Graphene in Liquid-Phase Electron Microscopy
Graphene liquid cells are nano to microscale pockets of water sealed in two layers of graphene. Around the pocket, the two graphene layers stick together due to strong static forces giving rise to a very stable pocket that is both water and vacuum tight. Graphene liquid cells form an ideal platform to study samples in liquid in transmission electron microscopy, where the ultra-thin graphene functions as the most electron transparent window currently available. Typical GLCs have a thickness ranging from a tens to hundreds of nanometers, making them ideally transparent to the electron beam. Graphene is highly conductive and a demonstrated radical scavenger. When used as substrate in TEM imaging, it protects the sample against electron beam damage caused by radiolysis, charging or heating.
Samples in graphene liquid cells are dissolved and hydrated, retaining in many aspects their native state. With graphene liquid cells, drying, freezing or fixating are no longer required. The resulting ultra-thin GLC structures lead to high resolution imaging of biological and organic matter without the need for staining. The room-temperature assembly processes drastically simplify the sample preparation compared to cryo-EM methods. Application areas include the direct sub-nanometer resolution imaging of proteins, nanomaterials and in particular metallic nanoparticles at atomic resolution.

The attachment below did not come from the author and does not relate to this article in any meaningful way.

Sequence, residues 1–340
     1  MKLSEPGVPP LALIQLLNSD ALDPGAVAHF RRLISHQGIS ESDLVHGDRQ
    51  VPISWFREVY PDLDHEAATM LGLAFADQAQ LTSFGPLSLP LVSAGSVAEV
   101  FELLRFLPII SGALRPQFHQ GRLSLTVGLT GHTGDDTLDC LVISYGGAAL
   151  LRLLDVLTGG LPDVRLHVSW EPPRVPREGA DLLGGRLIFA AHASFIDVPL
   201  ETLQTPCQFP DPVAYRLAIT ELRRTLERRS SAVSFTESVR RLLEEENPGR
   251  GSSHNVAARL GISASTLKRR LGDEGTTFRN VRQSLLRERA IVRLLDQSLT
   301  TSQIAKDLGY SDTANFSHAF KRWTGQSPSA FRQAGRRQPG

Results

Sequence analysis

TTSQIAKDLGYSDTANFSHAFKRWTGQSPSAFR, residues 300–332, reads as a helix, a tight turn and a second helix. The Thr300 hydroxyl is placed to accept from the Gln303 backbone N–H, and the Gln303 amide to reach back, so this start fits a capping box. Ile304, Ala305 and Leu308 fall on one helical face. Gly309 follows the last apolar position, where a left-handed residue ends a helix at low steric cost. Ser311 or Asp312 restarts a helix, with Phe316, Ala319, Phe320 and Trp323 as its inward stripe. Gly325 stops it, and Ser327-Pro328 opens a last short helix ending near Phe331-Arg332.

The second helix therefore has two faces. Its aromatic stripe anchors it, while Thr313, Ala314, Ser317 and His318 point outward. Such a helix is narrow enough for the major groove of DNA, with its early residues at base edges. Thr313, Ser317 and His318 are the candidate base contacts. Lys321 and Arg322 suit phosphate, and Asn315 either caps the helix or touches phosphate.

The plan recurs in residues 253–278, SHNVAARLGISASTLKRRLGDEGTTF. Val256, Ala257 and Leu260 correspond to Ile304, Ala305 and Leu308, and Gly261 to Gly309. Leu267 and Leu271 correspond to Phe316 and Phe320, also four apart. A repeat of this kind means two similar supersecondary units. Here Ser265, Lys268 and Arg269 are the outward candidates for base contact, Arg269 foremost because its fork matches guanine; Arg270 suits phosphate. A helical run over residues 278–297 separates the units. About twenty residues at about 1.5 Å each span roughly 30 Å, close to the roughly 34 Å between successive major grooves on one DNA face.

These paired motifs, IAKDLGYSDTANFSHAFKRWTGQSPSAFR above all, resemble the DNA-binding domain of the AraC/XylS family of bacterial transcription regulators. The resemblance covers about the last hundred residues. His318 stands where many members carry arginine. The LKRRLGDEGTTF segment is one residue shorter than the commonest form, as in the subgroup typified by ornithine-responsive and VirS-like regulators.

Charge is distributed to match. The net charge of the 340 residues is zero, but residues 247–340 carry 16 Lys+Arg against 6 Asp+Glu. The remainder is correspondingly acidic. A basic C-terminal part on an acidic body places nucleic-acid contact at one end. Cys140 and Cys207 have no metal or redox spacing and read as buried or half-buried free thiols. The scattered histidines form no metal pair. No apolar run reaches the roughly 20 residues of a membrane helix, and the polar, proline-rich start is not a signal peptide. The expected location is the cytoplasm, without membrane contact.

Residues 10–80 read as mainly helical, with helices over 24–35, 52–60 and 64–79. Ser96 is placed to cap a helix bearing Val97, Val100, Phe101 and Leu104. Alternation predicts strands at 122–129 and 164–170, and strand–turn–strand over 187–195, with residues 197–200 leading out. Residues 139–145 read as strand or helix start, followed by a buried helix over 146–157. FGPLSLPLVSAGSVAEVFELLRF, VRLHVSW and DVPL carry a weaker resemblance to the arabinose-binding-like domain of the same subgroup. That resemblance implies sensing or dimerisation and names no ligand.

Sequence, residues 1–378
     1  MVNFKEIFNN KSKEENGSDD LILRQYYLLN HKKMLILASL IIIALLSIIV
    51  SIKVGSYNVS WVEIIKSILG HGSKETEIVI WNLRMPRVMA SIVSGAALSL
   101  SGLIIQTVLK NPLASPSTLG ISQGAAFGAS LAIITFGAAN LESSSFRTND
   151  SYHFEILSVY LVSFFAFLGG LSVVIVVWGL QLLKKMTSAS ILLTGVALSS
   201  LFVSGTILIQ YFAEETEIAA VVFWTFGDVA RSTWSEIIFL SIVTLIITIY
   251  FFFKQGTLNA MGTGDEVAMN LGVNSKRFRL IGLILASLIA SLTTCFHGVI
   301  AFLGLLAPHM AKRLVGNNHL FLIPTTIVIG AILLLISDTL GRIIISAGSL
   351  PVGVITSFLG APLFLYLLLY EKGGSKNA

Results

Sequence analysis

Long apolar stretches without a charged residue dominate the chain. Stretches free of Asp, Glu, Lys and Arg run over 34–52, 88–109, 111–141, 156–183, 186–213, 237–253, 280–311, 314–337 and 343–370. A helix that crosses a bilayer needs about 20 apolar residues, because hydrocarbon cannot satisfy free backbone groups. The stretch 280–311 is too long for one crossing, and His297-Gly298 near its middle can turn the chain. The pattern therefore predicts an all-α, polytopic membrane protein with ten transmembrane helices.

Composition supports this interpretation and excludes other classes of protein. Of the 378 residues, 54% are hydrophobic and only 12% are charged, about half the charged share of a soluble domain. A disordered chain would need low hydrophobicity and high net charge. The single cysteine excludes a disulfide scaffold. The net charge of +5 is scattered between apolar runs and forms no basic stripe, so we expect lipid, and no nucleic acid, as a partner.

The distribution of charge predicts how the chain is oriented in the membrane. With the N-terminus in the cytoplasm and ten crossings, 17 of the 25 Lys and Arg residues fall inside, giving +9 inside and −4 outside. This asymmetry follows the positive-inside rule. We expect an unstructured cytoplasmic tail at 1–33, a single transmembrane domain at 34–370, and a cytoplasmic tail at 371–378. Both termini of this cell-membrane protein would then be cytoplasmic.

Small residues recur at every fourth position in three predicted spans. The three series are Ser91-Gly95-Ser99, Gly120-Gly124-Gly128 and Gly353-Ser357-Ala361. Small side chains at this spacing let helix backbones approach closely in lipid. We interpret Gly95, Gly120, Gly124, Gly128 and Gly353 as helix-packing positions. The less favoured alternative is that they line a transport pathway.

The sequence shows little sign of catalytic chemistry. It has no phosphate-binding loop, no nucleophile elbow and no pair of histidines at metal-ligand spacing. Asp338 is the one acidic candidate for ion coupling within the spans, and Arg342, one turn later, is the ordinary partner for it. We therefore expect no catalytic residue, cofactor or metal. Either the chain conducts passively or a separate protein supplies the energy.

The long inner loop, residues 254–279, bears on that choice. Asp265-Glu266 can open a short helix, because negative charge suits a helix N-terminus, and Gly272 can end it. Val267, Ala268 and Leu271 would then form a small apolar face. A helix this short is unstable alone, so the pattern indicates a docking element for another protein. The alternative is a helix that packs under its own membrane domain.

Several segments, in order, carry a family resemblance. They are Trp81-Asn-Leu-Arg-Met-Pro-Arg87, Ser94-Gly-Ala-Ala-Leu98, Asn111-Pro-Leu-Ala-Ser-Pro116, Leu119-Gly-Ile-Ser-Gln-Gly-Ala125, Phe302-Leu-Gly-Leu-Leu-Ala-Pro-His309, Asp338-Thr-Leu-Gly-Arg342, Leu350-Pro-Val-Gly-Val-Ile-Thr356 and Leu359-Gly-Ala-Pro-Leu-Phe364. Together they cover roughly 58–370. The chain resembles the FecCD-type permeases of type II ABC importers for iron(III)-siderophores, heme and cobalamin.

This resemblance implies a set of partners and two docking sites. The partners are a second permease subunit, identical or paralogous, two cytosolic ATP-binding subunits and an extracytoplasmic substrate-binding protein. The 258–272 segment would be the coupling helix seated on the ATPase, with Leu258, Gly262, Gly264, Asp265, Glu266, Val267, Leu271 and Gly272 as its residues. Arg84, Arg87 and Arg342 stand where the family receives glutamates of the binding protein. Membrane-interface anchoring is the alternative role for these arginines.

- Low e-dose imaging
- Stained / unstained samples
- Buffer-filled GLCs
- Dynamic imaging
- Proteins & protein complexes
- DNA, RNA
- Whole living cell processes
Graphene liquid cells offer a drastically thinner structure then conventional SiN-based liquid cells. New levels of detail are resolved with greater ease than ever before.
- Dynamic processes, formation, aggregation, degradation of
- Electrode materials
- Core-shell particles
- Low e-dose imaging
- Atomic resolution
Vitrotem’s patented spacer technology grants straightforward control over the thickness of the liquid layer in the liquid cells. The optimal liquid cell thickness depends on the dimensions of the sample under study: liquid cells should accommodate the sample without inducing deformation while also offering the thinnest possible structure to minimize obstruction of the transmission electron beam. In this way, optimal resolution in TEM imaging can be achieved.
The use of Vitrotem spacer technology drastically boosts the density of liquid cells on the grid and the volume of induvial liquid cells. Whereas early studies into graphene liquid cells reported low density and poor reproducibility, with the introduction of spacers technology, graphene liquid cell-based TEM becomes a reliable systematic analysis tool.